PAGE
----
Vija Celmiņa’s “Double Reality” at Art Museum Riga Bourse
Vija Celmiņa, “Dubultā realitāte” / “Double Reality” The Main Gallery of the Art Museum Riga Bourse, Riga April 12 – June 22, 2014
Vija Celmiņa (1938) is one of the most sought-after artists of the 21st century – two years ago, her drawing, “Untitled #8”, sold at New York's Christie’s auction house for US $1,142,500. Done in graphite on paper, the rendering of a celestial sky being split by the tail of a comet is the artist's priciest piece so far. The infinitely deep worlds that Celmiņa conjures-up on flat planes of paper are highly demanded by collectors – who are more than willing to wait in line for one of her works, since each one takes months to complete.
From April 12 through June 22, the Main Gallery in the Art Museum Riga Bourse will be the one rare place in Europe where one can see so many of Celmiņa's works gathered together in one spot. The exhibition, “Double Reality”, spans fifty years of the artist's creative career – from 1964 to 2014. It is also a sort of “home-coming” to Celmiņa's birthplace of Riga. Celmiņa spent only the first six years of her life in Latvia – in 1944, together with her mother, father and sister, WWII forced the family to flee Latvia. After four years spent in refugee camps in Germany, the family was able to emigrate to America, and Celmiņa celebrated her tenth birthday on a new continent; Celmiņa still lives in the US today.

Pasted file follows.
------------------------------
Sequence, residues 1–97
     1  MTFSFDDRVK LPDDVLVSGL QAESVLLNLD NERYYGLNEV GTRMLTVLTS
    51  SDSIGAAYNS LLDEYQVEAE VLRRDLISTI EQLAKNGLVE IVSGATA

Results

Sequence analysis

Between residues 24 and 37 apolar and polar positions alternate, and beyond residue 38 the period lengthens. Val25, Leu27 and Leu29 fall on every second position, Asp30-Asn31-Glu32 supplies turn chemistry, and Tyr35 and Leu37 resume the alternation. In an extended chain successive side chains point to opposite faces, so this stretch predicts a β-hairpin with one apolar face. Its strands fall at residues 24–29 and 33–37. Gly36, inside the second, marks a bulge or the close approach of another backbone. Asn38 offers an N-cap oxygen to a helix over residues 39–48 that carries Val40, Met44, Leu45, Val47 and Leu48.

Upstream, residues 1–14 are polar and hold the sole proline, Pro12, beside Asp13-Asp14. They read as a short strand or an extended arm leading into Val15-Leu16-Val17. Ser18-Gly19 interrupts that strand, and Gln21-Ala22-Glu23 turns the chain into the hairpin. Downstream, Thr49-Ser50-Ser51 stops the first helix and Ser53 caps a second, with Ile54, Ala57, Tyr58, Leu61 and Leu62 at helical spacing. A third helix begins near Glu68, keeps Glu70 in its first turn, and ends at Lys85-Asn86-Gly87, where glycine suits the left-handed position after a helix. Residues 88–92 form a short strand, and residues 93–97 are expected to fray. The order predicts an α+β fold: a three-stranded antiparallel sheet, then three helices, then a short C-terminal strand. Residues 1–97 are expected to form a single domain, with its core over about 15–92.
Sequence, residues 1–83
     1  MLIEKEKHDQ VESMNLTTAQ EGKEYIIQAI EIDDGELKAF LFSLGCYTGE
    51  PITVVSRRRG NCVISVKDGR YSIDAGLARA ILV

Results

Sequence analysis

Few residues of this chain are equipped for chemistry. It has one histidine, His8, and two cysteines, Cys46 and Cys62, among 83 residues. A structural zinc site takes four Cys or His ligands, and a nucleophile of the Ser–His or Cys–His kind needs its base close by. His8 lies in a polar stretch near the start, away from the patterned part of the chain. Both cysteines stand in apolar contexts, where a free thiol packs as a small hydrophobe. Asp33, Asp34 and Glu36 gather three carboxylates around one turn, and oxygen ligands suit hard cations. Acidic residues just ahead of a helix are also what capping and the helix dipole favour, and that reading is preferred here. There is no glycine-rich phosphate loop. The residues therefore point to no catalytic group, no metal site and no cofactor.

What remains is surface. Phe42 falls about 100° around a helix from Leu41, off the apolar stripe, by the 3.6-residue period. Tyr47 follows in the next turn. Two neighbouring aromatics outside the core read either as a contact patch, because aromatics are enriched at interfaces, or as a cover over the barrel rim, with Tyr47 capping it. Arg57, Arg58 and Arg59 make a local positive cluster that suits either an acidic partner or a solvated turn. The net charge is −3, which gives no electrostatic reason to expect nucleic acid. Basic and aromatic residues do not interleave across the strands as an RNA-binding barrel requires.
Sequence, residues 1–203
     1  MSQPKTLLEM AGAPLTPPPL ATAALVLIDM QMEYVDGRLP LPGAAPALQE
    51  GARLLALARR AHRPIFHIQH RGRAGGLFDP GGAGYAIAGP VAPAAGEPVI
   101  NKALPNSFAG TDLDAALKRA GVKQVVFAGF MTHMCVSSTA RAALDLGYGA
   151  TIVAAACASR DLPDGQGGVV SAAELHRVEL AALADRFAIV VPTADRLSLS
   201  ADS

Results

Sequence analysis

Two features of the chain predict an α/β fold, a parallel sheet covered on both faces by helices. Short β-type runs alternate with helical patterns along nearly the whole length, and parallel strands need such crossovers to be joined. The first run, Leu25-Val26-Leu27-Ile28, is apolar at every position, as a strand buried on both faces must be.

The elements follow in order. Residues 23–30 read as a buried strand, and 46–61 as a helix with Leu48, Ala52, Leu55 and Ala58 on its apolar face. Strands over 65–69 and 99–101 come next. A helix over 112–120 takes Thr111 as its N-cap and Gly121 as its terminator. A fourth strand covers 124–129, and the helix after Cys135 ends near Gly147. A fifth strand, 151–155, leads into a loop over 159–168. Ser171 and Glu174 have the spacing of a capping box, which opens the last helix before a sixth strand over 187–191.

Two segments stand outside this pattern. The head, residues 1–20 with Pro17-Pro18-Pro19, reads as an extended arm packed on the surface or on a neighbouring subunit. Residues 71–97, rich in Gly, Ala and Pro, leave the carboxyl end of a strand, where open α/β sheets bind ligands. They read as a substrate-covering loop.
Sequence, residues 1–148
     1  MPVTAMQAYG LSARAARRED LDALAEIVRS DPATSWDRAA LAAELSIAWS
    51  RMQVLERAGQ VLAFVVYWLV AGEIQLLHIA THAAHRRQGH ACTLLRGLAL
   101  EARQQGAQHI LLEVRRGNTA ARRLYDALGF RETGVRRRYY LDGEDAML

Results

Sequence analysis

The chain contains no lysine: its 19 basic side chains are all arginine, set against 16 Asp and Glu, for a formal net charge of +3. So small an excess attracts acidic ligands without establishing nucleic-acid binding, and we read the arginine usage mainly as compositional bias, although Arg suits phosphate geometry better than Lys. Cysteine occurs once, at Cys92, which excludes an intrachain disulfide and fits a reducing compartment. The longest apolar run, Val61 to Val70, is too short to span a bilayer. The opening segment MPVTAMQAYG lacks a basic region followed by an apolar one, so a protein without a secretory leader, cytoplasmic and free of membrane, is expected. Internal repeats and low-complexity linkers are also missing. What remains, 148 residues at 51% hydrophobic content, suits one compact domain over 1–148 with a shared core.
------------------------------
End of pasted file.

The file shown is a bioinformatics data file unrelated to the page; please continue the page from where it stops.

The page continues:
Untitled (Ocean). 1969. Philadelphia Museum of Art, Pennsylvania Collection. Photo: McKee Gallery
Newly arrived in the USA, Celmiņa could neither speak nor write English, and this language barrier led to her spending a lot of time drawing and painting, both at home and in school. Nevertheless, Celmiņa decided to become a painter only in 1961, after having spent a summer semester with a powerful contingent of art students and artists at Yale University in New Haven. She left her parents' home and moved to Los Angeles, staying there until 1980, which is when she moved to New York.
The keys to Celmiņa's success, as she herself states, are hard work and making sure to never stray away from view. And after more than thirty years of following this regimen, it began to pay off. It was specifically Celmiņa's drawings that brought her world-wide recognition – white sheets of paper filled with fragile, gray spiderwebs... with shadowy, undulating oceanic waves... or with an infinite number of constellations on the backdrop of a dark cosmos. As for her methods, Celmiņa draws from photographs. During her thirty-year retrospective in London in 1996, the UK newspaper, The Independent, called Celmiņa “the best-kept secret in American art”.
The works on display in Riga have been assembled from numerous world-class museums and collections: the Museum of Modern Art in New York; the National Art Gallery in Washington, DC; the San Francisco Museum of Modern Art; the Frankfurt (am Main) Museum of Modern Art; the Fondation Cartier Contemporary Art Center in Paris; the Tate Gallery in London; the Scottish National Gallery of Modern Art; the collection of the USA Embassy in Latvia: the Mūkusalas Mākslas Salons collection, the Latvian National Art Museum's permanent collection; and the McKee Gallery in New York, as well as from the artist's own collection of artworks.